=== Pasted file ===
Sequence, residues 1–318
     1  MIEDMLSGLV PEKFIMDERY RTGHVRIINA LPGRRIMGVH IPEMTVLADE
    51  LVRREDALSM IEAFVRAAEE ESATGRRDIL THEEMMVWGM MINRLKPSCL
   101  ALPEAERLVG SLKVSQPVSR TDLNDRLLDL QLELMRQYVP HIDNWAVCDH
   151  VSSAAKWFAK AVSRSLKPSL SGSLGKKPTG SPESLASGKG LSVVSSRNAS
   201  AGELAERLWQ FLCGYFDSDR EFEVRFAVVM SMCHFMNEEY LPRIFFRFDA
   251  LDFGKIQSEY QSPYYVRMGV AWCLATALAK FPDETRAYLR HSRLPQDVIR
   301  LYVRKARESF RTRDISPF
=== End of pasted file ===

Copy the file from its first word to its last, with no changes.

Sequence, residues 1–318
     1  MIEDMLSGLV PEKFIMDERY RTGHVRIINA LPGRRIMGVH IPEMTVLADE
    51  LVRREDALSM IEAFVRAAEE ESATGRRDIL THEEMMVWGM MINRLKPSCL
   101  ALPEAERLVG SLKVSQPVSR TDLNDRLLDL QLELMRQYVP HIDNWAVCDH
   151  VSSAAKWFAK AVSRSLKPSL SGSLGKKPTG SPESLASGKG LSVVSSRNAS
   201  AGELAERLWQ FLCGYFDSDR EFEVRFAVVM SMCHFMNEEY LPRIFFRFDA
   251  LDFGKIQSEY QSPYYVRMGV AWCLATALAK FPDETRAYLR HSRLPQDVIR
   301  LYVRKARESF RTRDISPF